- Effective hand washing technique involves three stages: Preparation, washing, and rinsing and drying. Always use a running water source for hand washing
|Indications and Precautions for Hand Hygiene
|Key elements of Hand Hygiene
|Hand hygiene (hand washing with soap and water or alcohol- based hand rub)
||Hand hygiene before and after contact with every patient is the single most important means of preventing the spread of infection
||Ensure hands are dry before starting any activity
|When hands are visibly dirty or contaminated wash them with antibacterial or plain soap and running water, then dry them using single use paper towels
||Do not use alcohol based hand products when hands are visibly soiled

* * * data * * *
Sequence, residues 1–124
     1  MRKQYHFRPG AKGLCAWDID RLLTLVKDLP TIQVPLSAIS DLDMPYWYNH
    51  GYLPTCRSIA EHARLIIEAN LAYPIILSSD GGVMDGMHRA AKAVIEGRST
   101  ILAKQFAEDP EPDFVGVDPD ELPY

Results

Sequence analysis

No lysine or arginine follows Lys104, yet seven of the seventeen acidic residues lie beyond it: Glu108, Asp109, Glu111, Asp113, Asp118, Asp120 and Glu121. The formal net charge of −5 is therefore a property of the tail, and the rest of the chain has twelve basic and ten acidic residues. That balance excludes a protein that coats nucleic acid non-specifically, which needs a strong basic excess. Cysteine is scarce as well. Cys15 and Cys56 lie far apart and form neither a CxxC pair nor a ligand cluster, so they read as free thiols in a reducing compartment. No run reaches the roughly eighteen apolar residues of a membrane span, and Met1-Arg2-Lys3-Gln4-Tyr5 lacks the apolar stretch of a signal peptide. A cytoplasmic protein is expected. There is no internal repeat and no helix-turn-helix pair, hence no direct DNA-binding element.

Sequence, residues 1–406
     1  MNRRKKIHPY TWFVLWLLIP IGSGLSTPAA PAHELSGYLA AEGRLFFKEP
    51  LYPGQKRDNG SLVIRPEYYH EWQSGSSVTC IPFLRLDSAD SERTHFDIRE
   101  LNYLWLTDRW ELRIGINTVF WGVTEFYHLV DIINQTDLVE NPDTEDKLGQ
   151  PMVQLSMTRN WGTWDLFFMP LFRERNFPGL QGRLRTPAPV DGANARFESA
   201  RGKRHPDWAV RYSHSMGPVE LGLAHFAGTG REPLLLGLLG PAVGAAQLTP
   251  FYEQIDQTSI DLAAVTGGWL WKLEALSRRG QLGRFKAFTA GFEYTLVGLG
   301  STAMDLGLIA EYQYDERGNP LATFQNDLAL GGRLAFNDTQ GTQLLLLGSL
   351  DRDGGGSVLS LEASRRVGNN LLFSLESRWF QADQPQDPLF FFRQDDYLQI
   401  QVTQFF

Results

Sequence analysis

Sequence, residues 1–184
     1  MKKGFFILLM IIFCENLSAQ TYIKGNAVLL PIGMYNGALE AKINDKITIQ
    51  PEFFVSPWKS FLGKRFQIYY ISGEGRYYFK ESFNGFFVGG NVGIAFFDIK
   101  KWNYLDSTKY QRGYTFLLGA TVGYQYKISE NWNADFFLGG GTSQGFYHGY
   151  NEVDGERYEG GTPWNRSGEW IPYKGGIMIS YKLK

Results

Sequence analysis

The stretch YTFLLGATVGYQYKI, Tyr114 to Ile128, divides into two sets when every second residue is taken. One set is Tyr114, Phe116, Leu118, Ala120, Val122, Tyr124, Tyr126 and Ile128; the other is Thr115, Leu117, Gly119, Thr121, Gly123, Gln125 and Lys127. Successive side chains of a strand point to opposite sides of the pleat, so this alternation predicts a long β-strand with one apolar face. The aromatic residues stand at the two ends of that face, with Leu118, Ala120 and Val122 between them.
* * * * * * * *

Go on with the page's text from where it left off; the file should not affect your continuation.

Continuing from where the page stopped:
|When hands appear clean (i.e. are not visibly soHed), clean them with an alcohol based hand product for routine decontamination, then dry them using single use paper towels
||Do not use alcohol based hand products after exposure of non intact skin to blood or body fluids; in such cases, wash hands with antibacterial or plain soap and running water, then dry them using single use paper towels
Newer Technologies for Safer injections
Technology helps the health care professionals immensely in their endeavor to achieve the desired standards of health care. Technology has evolved significantly in the last decade or so to make injection and related processes much safer for patients, health care workers and the community. It is worth knowing and practicing the technological solutions, as and when they are available in your settings.
Auto disable/Re Use Prevention syringes : These syringes imbibe the basic mechanism of getting locked after their single intended use. There are two types of mechanisms: